12th stop: Mykonos island
Mykonos is to be found between Tinos, Syros, Paros and Naxos, also belonging to the Cyclades island group. It has 9,320 permanent residents (2001) most of whom live in the largest town, Mykonos (also called Chora), which lies on the west coast.
Due to the major importance of nearby Delos (about 2 km away) in ancient times, Mykonos became very important as a supply island and possibly as a getaway location for Delian citizens.
In Greek mythology Mykonos was the location of the battle between Zeus and the Titans,and the island was named in honor of Mykons, son of Anios who was a son of Apollo and a nymph named Rio.
Since the 1960s, the island has been a popular tourist destination and today tourism is a major industry on Mykonos. The island is quite cosmopolitan and simultaneously offering great ways of chilling out in picturesque cafés and restaurants offering delicious specialities. Mykonos by night offers a great variety of night clubs, dancing clubs and bars. The island, known for its famous bars, has become a big party destination for tourists around the world.
The island’s airport is located 4 kilometres southeast of the town of Mykonos and it is served by international flights during summer.
The Mykonos windmills are an iconic feature of Mykonos. The windmills can be seen from every point of the village of Mykonos. The windmills are the first thing to be seen when coming into the harbor, as they stand on a hill overlooking the area. There are currently 16 windmills. Most of them were built by the Venetians in the 16th century, but their construction continued into the early 20th century. They were primarily used to mill wheat flour. They were an important source of income for the inhabitants. They all have a round shape, white colour and a pointed roof. Such windmills are found in almost all Cyclades islands. One of these windmills has been transformed into a museum. The whole village of Chora and the harbour are visible from the mills.
The Church of Panagia Paraportiani is situated in the neighbourhood of Kastro, in the town of Mykonos. Its name means “Our Lady of the Side Gate” in Greek, as its entrance was found in the side gate of the entrance to the Kastro area.
The building of this church started in 1425 and was not completed until the 17th century. This impressive, whitewashed church actually consists of five other churches attached all together: the four churches (Saint Estathios, Saint Sozon, Saints Anargyroi and Saint Anastasia) are all on the ground and constitute the base of the fifth church that has been built on top of them. This architectural spottiness has made Panagia Paraportiani the most photographed church on Mykonos.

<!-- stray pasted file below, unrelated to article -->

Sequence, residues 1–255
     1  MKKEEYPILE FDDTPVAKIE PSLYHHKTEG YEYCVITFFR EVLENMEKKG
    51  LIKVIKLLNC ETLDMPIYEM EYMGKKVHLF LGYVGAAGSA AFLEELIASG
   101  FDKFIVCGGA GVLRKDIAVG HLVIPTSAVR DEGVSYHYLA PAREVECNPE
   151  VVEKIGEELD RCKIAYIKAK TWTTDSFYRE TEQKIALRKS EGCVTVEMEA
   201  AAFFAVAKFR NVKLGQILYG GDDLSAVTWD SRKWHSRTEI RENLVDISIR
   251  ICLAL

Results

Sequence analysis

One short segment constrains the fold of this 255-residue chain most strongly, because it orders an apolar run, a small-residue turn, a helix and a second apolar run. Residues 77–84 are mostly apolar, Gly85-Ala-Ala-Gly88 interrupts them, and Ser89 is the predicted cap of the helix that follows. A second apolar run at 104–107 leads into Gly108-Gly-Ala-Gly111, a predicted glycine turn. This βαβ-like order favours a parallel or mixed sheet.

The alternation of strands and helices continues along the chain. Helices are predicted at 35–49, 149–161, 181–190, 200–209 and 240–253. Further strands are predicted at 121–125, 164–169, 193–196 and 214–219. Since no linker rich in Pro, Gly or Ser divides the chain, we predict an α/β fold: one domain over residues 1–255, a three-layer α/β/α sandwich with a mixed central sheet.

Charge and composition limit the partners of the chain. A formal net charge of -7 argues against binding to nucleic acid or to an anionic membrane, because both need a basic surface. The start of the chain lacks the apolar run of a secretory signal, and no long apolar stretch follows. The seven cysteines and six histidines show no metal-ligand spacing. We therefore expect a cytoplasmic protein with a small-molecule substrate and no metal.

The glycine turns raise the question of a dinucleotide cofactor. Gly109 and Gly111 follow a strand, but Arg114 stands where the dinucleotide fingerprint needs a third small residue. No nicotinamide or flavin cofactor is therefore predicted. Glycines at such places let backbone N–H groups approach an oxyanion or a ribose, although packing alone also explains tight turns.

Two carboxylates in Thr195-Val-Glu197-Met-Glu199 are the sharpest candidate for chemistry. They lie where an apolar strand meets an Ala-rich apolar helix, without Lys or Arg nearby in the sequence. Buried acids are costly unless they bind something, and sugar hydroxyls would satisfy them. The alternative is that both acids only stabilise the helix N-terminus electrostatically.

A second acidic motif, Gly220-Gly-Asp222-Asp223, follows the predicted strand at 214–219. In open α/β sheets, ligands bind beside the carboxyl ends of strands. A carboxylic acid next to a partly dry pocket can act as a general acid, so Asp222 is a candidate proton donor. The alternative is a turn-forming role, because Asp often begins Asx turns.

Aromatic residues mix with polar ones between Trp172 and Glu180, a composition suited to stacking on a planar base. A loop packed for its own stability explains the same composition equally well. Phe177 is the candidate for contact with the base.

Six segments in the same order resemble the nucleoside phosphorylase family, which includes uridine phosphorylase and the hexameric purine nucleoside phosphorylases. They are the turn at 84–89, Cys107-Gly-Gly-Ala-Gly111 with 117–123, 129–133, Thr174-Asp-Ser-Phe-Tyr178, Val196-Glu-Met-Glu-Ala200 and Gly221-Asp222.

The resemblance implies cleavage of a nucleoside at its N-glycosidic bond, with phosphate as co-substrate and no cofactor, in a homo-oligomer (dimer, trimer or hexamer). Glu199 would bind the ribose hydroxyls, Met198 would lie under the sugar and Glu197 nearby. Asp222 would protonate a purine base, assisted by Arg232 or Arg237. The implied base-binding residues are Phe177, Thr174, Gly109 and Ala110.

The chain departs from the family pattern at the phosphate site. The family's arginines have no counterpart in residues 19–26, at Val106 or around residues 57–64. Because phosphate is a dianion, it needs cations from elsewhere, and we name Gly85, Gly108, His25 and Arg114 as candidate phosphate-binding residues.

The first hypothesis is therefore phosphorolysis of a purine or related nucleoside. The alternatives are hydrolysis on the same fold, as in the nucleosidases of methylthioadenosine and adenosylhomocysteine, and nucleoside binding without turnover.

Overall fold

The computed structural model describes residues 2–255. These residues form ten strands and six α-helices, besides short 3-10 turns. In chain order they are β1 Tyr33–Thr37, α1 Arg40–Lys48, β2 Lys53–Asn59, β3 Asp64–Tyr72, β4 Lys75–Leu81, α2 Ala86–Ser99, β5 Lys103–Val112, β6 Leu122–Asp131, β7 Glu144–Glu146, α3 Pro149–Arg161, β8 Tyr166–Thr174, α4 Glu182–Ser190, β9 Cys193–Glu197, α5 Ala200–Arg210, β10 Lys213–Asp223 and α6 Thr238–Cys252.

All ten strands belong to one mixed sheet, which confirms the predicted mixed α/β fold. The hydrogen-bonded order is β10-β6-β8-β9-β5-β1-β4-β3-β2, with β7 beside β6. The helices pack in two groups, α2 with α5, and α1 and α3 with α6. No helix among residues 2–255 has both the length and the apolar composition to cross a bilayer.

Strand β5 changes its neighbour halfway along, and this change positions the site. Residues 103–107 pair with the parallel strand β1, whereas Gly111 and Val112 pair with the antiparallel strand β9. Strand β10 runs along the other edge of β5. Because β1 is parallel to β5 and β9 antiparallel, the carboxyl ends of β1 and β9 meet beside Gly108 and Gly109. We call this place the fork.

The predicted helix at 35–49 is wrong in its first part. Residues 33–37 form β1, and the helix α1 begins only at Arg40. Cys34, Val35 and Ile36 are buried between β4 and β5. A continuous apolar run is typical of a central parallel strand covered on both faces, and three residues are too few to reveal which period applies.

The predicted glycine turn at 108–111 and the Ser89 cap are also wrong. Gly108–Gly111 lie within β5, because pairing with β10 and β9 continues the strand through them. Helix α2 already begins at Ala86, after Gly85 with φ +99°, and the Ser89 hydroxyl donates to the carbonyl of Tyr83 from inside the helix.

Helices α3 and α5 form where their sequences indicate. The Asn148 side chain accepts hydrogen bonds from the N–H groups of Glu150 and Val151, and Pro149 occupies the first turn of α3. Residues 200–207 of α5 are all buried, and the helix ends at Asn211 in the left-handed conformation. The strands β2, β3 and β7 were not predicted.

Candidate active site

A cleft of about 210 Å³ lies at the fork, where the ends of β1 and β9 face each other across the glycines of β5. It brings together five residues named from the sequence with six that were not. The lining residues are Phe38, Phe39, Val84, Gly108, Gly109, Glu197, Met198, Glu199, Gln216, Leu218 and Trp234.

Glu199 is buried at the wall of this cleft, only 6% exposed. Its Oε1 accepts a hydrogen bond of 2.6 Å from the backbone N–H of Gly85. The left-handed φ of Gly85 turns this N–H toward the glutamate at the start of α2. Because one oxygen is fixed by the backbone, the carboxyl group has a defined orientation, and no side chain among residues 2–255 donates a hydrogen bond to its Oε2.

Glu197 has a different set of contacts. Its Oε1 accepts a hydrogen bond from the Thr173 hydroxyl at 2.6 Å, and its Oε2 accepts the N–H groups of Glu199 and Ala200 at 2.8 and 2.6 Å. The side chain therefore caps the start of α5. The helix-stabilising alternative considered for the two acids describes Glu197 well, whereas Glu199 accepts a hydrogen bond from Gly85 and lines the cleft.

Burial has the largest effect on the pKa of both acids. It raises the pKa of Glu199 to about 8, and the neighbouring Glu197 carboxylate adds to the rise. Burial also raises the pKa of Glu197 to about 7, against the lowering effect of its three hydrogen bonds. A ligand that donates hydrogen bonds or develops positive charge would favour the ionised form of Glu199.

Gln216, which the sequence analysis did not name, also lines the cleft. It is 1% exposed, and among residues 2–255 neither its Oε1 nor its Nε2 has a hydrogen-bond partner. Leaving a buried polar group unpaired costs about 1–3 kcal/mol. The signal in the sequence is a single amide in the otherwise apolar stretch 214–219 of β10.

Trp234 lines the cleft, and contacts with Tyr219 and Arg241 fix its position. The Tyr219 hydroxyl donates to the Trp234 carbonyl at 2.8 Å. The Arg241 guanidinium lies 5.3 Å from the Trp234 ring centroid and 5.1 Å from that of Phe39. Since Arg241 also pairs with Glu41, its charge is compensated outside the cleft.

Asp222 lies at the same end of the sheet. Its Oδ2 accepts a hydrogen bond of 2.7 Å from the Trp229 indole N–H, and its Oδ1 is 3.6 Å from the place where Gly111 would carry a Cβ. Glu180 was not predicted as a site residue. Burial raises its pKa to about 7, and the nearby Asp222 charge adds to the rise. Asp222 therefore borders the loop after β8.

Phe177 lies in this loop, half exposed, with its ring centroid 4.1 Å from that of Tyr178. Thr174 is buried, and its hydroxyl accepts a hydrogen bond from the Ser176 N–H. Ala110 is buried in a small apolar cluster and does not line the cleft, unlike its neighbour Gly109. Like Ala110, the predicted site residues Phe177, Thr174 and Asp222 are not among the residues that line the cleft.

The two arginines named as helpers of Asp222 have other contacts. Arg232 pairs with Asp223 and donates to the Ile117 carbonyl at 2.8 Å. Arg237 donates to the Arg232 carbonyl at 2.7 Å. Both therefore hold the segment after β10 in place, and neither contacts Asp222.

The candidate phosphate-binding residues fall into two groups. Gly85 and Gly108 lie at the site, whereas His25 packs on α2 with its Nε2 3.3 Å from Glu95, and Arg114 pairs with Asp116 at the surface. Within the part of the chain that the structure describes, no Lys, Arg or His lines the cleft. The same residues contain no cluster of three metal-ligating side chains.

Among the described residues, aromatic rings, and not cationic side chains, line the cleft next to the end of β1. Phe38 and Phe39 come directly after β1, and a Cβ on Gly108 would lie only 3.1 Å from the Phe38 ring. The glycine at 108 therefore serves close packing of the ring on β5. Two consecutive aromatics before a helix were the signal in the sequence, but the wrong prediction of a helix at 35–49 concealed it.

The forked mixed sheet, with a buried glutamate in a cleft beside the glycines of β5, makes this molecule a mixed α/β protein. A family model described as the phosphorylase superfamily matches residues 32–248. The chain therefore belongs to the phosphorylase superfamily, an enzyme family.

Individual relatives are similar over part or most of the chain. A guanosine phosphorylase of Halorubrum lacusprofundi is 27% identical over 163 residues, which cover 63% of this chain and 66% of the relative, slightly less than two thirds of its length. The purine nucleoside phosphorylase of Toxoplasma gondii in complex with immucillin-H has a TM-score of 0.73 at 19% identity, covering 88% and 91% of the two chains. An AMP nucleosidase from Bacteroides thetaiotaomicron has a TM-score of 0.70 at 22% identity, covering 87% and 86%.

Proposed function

Petros the Pelican
Petros was a Great White Pelican, which was the official mascot of Mykonos.
In 1958 a wounded pelican was found off the coast of Mykonos shore by a local fisherman. The pelican was nursed to health and remained on the island supported by locals. It soon adopted the name “Petros”, as a joke between the locals. To great disappointment by locals and tourists alike, Petros was hit by a car on 2 December 1985 and failed to recover.
Subsequently, three new pelicans reside around the main town of Mykonos. One, honorifically, was given the name Petros.
Beaches on MykonosPhoto above of Agios Sostis beach with fishing boats by Lorena v-e, Spain. Photo below, left: Psarrou beach. Photo, right: Elias beach
Psarrou is one of the most cosmopolitan beach-villages of Mykonos island, mainly among Greeks. Every year thousands of tourists and celebrities visit this sandy beach, which is organized offering luxurious sunbeds and umbrellas. Due to Psarrou’s popularity, specially during August, which is the peak of high season, there is a waiting list for the sunbeds and umbrellas. Many luxury hotels are also built around Psarrou, which is located 4 km from Chora and close to Platys Gialos.
Things to do
Scuba-diving: Mykonos has four different diving centers. With the whole area full of traces from the ancient Greek world at the bottom of the sea and a visibility which reaches 30-40 meters it is like diving into a different era. Everywhere the antiquity is present, both Greek and Roman, canyons and an intact flora and fauna where you can find squid, grouper and many shoals of barakoundas and mackerels. Diving here is also wreck diving: Ships from newer times have sunk here as well.
You’ll find diving centers at Kalafati, Paradise and Ornos beaches
Kalafati Dive Center
Windsurfing: Mykonos is characterised (as many of the Cyclades islands) by strong northern winds, in Greek called “meltemia”. The beaches of Ftelia and Kalafati are perfect for experienced windsurfers, offering ideal conditions for windsurfing.
For the beginners, most of the organized beaches on Mykonos provide windsurfing courses, at beaches protected from the violent winds.
Windsurfing Mykonos Kalafati Beach
Kitesurfing: Within a distance of 2,5 km from Mykonos Town, you’ll find Korfos bay, one of the most popular spots for kitesurfing in Mykonos. Kiteloop is the first kitesurfing school in Mykonos operated by three Brazilian instructors. The training method includes theory lessons and practice with trainer before going in the water. It also provides the latest equipment and safety gear to ensure the protection of the body, in all cases. There are kite lessons for everyone in spite of the level or fitness ability.